( dpa ) - Georgian opposition leaders staged protest action Tuesday to demand a new round of voting, rejecting as fraudulent presidential elections that handed incumbent Mikhail Saakashvili a narrow victory. Georgia's electoral commission declared Saakashvili the victor of Saturday's poll with 52.01 per cent of the vote, a marked contrast to the soaring ratings of 98 per cent that carried him take office four years ago. Slightly more than 10 per cent of the vote was still to be counted Tuesday. Saakashvili's nearest challenger, opposition candidate Levan Ganchechiladze, gathered 24.98 per cent of the vote, according to the Central Election Commission's website Tuesday.
After breaking for Orthodox Christmas from mass demonstrations that drew thousands into the snowy streets Saturday, opposition protestors stormed Georgia's election commission's office and picket Rustavi-TV channel, accused of bias toward Saakashvili.
European election observers, however, gave the elections a clean bill of health, which was corroborated by the United States. Russia, which opposes Western influence in Georgia and has imposed economic sanctions on the nation, sharply criticized the vote. The mountainous Caucasus state, lying at the crossroads of oil and gas routes and close to Iraq, has become the site of a battle of influence between Moscow and Washington. Ganchechiladze, a entrepreneur and lawyer, claimed on Tuesday that based on the opposition's own polling results Saakashvili "won only 41 per cent," less than the 50-per-cent barrier required to prevent a run-off election.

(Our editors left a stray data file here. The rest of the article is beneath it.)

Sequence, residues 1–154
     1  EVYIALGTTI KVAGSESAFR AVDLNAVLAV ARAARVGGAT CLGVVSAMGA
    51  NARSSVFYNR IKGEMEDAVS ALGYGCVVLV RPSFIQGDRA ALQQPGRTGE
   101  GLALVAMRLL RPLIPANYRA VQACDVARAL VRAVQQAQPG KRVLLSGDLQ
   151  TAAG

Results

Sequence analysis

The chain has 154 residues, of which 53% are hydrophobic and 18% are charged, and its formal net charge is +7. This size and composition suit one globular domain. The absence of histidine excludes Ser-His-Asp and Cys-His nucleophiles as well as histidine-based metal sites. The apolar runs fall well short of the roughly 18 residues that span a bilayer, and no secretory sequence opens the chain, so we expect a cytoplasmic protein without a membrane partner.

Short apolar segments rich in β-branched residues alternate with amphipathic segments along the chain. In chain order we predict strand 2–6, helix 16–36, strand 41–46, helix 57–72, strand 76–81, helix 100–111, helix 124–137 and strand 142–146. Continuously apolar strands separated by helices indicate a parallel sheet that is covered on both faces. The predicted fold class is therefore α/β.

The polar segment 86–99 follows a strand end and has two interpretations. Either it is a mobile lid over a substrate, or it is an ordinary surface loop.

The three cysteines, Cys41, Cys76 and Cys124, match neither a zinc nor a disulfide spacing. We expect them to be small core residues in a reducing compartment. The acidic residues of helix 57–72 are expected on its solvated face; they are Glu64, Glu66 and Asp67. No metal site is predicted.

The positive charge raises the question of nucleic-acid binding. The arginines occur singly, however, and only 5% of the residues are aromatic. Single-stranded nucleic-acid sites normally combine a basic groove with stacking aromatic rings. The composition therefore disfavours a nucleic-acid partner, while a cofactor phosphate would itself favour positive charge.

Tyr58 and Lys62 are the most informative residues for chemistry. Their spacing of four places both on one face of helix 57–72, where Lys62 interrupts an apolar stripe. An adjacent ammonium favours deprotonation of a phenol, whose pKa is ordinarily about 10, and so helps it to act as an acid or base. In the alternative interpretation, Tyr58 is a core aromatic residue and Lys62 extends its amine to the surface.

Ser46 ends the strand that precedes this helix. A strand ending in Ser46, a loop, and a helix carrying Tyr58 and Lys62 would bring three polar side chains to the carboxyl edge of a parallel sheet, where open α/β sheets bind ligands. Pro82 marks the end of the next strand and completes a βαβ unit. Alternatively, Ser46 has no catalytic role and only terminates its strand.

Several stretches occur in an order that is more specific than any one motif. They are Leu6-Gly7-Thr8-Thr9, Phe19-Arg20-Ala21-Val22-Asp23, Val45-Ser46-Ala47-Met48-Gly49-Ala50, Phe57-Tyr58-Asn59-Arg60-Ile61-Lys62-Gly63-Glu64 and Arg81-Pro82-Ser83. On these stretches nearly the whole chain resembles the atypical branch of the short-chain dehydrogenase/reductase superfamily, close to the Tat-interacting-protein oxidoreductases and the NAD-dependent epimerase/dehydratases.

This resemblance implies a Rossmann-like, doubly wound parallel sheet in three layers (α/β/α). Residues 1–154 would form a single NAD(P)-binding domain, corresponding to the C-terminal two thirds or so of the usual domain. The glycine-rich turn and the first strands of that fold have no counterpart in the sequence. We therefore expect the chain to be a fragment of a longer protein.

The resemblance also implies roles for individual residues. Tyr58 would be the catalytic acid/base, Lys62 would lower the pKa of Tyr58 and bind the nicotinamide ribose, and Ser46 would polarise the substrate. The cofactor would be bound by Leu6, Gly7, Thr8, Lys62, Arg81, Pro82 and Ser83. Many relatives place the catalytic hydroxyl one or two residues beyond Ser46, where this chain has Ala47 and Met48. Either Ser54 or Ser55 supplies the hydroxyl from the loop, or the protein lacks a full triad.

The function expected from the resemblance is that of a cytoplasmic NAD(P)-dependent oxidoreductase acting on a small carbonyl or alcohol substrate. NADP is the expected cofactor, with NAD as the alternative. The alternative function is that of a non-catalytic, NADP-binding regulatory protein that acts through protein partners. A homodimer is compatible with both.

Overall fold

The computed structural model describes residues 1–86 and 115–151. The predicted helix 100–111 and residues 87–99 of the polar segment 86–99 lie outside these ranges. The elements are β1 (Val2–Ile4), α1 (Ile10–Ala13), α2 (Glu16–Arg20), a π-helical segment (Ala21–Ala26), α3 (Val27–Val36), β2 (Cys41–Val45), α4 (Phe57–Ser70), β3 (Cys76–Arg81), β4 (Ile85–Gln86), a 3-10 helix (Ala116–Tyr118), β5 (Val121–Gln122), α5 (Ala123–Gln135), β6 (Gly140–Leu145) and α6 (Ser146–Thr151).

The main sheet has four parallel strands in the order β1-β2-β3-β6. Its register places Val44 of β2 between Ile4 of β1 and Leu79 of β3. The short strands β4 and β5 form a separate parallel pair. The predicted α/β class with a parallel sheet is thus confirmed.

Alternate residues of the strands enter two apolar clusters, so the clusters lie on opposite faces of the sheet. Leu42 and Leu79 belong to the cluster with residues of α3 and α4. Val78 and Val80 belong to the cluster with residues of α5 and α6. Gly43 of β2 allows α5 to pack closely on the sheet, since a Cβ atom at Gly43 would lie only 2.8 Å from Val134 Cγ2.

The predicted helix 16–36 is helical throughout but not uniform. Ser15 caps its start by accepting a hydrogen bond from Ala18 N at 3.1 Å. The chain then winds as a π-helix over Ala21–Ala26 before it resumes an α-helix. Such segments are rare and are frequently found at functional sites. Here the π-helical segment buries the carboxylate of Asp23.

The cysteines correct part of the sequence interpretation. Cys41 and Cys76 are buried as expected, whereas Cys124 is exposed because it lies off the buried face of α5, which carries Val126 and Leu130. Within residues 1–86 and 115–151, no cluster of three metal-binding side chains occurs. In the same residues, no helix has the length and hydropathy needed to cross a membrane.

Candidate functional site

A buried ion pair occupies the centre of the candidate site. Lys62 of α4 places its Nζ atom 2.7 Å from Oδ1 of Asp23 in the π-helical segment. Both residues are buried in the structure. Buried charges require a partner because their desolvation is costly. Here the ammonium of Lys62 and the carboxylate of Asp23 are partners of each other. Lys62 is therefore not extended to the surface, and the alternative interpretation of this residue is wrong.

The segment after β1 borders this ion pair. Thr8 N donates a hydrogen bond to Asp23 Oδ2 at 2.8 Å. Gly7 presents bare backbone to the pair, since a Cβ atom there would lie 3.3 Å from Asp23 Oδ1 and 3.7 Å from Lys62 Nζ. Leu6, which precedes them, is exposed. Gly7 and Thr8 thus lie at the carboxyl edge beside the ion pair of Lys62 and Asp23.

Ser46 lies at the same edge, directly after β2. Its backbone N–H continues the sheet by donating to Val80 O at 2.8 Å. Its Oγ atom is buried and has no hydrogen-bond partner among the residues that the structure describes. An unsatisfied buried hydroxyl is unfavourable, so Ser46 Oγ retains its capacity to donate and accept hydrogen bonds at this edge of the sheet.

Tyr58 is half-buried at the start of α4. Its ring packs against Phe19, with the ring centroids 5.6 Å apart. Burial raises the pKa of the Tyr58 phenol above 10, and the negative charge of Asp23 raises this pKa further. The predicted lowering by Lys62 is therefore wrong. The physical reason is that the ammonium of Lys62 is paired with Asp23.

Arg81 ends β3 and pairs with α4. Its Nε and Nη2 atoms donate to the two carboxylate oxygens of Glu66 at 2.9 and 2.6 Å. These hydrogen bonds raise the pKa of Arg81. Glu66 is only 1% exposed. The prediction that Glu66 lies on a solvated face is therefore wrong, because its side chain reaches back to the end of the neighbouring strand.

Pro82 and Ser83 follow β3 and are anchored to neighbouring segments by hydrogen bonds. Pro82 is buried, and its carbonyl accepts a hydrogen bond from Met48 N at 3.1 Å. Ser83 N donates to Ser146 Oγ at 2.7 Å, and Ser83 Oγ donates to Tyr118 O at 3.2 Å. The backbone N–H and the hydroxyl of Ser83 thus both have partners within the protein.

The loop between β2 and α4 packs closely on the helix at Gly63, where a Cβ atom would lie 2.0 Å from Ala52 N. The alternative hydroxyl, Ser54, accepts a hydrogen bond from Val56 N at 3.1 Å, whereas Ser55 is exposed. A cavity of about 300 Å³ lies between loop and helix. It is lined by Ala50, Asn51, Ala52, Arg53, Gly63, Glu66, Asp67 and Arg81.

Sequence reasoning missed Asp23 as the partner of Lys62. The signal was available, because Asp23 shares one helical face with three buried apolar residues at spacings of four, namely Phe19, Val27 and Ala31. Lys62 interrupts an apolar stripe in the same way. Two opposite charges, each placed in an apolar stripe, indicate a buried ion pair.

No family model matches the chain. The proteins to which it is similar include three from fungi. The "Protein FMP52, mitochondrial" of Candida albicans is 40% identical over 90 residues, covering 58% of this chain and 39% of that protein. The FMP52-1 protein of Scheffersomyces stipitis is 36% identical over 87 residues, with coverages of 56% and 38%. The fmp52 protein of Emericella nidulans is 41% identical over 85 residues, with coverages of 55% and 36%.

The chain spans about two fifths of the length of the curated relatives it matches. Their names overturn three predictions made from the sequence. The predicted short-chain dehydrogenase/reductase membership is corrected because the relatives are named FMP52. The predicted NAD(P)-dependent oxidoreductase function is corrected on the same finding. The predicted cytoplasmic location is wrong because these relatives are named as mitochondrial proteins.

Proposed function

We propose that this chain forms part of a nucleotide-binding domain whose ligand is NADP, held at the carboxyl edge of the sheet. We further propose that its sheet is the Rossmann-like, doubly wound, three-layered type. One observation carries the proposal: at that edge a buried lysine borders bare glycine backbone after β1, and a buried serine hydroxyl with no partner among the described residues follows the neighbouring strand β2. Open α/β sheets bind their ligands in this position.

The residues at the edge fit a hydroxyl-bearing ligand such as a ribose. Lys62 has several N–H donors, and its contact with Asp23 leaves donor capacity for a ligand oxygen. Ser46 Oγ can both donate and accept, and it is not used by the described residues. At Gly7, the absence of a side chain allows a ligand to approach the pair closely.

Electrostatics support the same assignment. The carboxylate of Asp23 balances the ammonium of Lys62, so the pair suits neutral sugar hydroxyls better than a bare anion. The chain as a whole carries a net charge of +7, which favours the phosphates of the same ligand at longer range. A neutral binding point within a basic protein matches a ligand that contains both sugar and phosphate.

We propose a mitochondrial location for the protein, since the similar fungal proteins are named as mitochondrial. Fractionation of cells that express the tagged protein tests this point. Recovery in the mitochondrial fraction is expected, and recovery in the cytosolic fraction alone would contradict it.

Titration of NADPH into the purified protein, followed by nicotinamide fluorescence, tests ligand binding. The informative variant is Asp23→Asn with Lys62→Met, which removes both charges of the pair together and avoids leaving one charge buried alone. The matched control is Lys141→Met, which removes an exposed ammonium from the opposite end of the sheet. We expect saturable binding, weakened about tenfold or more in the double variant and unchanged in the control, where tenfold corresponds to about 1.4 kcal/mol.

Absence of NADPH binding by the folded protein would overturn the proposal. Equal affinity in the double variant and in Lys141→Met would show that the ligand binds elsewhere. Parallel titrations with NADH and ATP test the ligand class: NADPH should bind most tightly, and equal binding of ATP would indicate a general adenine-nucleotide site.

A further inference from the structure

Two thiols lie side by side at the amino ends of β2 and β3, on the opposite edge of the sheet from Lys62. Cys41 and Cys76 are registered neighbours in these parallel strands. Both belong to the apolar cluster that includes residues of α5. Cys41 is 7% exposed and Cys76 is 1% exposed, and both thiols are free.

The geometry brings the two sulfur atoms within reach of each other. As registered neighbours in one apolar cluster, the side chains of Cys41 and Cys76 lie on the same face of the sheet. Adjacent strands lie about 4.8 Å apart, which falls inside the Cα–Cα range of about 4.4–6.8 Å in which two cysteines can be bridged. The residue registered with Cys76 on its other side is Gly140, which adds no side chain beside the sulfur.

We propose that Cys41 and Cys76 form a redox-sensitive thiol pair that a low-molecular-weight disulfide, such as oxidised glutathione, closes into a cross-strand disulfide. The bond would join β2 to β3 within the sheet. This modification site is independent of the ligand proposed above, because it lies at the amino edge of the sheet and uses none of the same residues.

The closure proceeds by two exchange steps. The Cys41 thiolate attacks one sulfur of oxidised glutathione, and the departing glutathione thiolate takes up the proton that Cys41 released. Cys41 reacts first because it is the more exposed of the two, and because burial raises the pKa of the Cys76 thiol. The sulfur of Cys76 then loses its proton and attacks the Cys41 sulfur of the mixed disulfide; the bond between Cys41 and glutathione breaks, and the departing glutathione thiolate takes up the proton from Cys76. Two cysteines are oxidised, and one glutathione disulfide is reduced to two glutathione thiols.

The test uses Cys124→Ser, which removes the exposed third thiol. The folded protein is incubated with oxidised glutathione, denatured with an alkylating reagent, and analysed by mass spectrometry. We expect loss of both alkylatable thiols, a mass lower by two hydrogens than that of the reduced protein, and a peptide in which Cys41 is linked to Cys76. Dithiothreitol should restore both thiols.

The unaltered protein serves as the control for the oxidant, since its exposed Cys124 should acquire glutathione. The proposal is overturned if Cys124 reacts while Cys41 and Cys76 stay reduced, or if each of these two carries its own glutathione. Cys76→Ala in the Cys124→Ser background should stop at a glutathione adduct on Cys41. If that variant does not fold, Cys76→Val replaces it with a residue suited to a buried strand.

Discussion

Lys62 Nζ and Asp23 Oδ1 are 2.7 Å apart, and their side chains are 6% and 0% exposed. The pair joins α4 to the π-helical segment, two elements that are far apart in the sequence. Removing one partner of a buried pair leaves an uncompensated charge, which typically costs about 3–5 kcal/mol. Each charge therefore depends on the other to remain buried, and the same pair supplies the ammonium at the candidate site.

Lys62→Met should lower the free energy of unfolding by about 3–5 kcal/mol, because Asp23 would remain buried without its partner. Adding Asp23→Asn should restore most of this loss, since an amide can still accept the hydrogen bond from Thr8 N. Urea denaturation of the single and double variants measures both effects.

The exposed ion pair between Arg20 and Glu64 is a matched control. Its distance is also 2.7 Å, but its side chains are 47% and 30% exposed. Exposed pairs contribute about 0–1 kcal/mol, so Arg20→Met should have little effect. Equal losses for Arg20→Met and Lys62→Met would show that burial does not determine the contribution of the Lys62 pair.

The opposition candidate led a group of protestors that burst into the offices of the Central Elections Commission. Russian television showed him brandishing allegedly spoiled ballot papers and confronting election commission chief Levan Tarknishvili. "You're guilty of falsifying the election. You've stolen half a million votes. You've sneaked them from the Georgian people. Show the facts you're hiding," Ganchechiladze said. Tarknishvili called the accusations "groundless" and accused the opposition in turn of "falsification," according to news agency Interfax.
Hours later, Ganchechiladze picketed alongside about one hundred protesters in front of Georgia's Rustavi-TV station, which he accused of "biased election coverage."
One of Georgia's two most popular television stations, Rustavi-TV figured at the centre of controversy over alleged crackdowns by Saakashvili's government in November against its rival station Imedia, seen to favour the opposition. Ganchechiladze said he would picket the channel daily until he was allowed a voice on the air. Addressing himself to Saakashvili, Ganchechiladze said: "I was willing to sacrifice my life in order to defeat you. I won't stop until you murder me." The opposition planned hunger strikes and a series of other protest actions in the coming days, threatening prolonged instability in the nation once seen as a model of democratic reform.
It was unclear whether the opposition hold mass rallies as Georgia registered the most severe frosts of the past 15 years and temperatures plummeted to minus 25 degrees on Monday night. US-educated Saakashvili, 40, who was known for his reform initiatives, said "unruly behaviour by the opposition will not be tolerated, but peaceful rallies are one of the tools of political campaigning." Ganchechiladze's coalition claims Saakashvili, who came to power in 2003 after ousting Eduard Shevardnadze in the peaceful Rose Revolution, has too much power. He pledges to dilute the power of the president.
Analysts said Tuesday Saakashvili's narrow win has already weakened his position.